The first step in manufacture, conducted at the quarry, involved hard-hammer bifacial percussion to create a disc about 150-200 mm in diameter. These discs were made in their hundreds for export to the workshops on the nearby Hombori tablelands or in the village of Belia. The discs were next perforated by indirect percussion using an iron punch struck with an iron hammer. The square-sectioned punches were made by the local blacksmith. The punches were shaped like a large nail or spike with a fine-pointed sharp tip on the end. Multiple punches were used, with tips of varying sizes and lengths. Stone was initially removed by a variant of indirect percussion hammer-dressing, with powder and small chips detached incrementally to begin the central hole. The stoneworker sat on the ground with the blank laying flat on the sides of the feet positioned sole-to-sole. Both sides of the blank were worked progressively until a hole was created. Once the hole was punched through, the same indirect percussion hammer-dressing was used to remove stone from around the internal edge of the hole, enlarging it. When the hole was near the desired diameter, the inside was smoothed and shaped by grinding using a cylindrical sandstone abraders. The later stages of grinding were done with a wetted sandstone abrader. For rings with a triangular section, a ridge was next ground-in using a flat piece of sandstone as an abrader.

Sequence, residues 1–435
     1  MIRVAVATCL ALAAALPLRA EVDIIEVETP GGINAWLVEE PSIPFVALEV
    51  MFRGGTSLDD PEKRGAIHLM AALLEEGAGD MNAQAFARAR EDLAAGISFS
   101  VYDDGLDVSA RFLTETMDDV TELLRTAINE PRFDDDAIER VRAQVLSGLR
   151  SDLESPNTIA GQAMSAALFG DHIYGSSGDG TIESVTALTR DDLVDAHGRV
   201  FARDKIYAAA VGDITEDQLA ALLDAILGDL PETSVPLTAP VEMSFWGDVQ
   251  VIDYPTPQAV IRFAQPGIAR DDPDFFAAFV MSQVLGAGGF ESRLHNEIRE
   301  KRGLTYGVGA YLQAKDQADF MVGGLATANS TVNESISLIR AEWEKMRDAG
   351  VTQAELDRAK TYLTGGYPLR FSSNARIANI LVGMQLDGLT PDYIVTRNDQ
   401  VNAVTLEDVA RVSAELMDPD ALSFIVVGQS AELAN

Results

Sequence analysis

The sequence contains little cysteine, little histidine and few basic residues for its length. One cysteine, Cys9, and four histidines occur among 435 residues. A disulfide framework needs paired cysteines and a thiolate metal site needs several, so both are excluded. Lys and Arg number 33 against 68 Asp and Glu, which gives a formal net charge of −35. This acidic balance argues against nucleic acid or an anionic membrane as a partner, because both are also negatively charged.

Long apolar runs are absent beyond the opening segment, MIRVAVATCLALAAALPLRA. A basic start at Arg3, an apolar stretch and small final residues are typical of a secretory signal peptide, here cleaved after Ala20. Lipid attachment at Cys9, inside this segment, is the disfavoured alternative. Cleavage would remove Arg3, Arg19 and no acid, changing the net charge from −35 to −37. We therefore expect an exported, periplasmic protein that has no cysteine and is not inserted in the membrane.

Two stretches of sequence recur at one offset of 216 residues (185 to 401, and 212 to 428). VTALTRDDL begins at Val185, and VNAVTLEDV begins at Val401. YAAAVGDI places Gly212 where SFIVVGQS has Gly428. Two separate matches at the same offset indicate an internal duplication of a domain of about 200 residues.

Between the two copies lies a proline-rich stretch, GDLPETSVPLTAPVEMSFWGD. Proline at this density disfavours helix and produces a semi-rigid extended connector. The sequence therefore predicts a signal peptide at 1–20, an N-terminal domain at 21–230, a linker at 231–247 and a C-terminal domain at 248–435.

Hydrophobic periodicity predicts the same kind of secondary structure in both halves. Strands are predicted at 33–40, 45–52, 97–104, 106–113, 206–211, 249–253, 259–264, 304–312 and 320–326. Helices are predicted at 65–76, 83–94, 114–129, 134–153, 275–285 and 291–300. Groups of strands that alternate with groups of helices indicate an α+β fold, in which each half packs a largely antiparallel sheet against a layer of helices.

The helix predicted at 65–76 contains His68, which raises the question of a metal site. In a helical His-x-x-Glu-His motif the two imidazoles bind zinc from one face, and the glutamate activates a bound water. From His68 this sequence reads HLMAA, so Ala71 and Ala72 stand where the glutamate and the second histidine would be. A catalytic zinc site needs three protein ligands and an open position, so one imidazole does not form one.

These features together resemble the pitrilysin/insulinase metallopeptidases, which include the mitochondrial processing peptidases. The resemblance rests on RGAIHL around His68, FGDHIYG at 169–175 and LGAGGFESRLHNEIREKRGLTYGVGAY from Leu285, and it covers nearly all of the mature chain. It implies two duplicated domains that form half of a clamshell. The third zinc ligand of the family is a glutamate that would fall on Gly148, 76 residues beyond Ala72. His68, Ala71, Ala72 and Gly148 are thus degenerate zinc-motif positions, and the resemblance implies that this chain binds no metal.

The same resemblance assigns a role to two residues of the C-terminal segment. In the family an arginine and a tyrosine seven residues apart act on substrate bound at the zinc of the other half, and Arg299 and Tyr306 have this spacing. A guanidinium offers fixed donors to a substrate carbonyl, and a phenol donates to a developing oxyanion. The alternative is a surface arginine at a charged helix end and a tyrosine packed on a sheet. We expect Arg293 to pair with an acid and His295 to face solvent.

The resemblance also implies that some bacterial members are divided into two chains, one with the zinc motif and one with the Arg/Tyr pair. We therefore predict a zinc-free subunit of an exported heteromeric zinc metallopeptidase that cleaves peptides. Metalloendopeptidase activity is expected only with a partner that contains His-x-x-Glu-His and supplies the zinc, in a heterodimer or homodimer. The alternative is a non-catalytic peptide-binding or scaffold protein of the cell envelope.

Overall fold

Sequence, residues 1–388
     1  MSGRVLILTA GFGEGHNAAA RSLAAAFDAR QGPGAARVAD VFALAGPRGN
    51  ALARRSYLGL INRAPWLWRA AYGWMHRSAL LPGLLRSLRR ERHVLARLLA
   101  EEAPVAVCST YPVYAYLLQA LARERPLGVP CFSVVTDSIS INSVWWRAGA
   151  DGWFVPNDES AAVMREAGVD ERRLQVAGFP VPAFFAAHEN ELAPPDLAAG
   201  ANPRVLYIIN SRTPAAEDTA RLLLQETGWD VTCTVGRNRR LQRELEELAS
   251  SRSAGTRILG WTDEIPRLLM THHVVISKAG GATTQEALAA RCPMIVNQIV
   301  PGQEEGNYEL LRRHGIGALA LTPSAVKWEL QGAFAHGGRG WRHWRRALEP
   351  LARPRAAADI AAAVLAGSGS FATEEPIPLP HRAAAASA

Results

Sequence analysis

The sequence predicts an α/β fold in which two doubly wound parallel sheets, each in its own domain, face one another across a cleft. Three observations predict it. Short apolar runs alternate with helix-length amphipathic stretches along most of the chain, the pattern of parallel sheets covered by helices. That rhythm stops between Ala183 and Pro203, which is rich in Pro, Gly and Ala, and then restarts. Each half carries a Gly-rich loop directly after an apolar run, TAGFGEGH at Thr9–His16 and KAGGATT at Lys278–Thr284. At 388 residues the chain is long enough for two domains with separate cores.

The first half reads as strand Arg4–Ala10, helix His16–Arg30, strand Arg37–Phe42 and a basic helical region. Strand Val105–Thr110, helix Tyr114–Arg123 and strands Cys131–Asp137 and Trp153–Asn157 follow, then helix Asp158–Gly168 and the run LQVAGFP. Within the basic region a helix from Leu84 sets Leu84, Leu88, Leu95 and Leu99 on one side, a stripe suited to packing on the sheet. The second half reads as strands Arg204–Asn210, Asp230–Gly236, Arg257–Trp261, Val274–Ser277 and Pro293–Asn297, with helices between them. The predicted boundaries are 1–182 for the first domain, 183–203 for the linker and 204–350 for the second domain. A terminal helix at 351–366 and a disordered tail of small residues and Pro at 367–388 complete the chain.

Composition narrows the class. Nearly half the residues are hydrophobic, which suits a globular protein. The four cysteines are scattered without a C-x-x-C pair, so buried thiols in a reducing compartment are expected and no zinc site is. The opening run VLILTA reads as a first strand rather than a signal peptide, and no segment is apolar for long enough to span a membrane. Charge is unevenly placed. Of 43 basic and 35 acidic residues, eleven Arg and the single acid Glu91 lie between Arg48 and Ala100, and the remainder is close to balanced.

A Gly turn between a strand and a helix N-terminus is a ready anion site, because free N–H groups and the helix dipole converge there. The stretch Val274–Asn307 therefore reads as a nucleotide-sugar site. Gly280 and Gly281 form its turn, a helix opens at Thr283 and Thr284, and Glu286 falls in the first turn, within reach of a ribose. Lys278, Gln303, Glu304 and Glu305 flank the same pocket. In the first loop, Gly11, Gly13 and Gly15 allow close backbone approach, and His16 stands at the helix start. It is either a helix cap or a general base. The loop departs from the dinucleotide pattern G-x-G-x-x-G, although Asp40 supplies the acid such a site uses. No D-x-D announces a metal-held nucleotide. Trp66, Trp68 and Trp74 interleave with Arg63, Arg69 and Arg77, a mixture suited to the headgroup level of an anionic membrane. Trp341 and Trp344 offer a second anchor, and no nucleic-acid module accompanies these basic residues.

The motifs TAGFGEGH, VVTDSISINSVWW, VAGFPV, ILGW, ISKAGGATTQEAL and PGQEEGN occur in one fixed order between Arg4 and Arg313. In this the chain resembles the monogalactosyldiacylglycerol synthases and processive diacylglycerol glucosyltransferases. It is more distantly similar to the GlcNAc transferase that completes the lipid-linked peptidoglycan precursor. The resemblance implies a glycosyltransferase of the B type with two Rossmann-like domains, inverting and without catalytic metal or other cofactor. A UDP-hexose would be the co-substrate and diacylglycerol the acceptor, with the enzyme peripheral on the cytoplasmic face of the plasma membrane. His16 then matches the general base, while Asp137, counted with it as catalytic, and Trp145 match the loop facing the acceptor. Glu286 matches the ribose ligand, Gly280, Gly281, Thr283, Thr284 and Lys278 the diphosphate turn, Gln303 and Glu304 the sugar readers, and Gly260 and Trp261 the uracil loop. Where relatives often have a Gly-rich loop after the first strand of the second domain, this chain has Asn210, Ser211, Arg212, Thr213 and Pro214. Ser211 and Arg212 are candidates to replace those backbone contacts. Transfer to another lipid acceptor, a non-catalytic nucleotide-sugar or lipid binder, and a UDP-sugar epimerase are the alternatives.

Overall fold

After initial shaping with the with stone hand-held abraders, the ring was carried up the Hombori escarpment to grinding basins worn into sandstone boulders. The remaining flake scars were eliminated by abrading, and the edges rounded. The ring was then returned to the workshop for a final grind and polish using hand-held abraders, and washed. Once dry, sheep or cow grease was applied to bring out the natural lustre of the stone.
Three types of stone rings were made at Hombori in 1993. Type A rings were narrow and thick with a rounded to triangular cross section, and were preferred by the Mossi. Type B rings were wider and flatter, with a wedge-shaped cross section. These were preferred by Fula and Tuareg pastoralists. Type C rings were made with a prominent raised keel around the circumference. The keel was sharpened, and the rings were worn on the upper forearm for use as a weapon. They were primarily traded to the Fula and Tuareg.